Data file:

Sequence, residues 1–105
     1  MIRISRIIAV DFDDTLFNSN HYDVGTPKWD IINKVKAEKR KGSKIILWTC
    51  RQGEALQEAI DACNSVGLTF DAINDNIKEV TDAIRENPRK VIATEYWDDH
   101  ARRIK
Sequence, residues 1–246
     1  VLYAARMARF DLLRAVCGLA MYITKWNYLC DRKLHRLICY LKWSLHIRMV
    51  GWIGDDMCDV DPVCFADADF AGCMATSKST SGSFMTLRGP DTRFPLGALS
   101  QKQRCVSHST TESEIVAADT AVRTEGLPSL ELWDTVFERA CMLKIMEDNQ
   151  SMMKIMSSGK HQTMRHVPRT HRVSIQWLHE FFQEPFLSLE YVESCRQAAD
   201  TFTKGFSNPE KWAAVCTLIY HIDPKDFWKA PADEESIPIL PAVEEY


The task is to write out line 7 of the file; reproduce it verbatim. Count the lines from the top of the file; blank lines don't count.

    51  GWIGDDMCDV DPVCFADADF AGCMATSKST SGSFMTLRGP DTRFPLGALS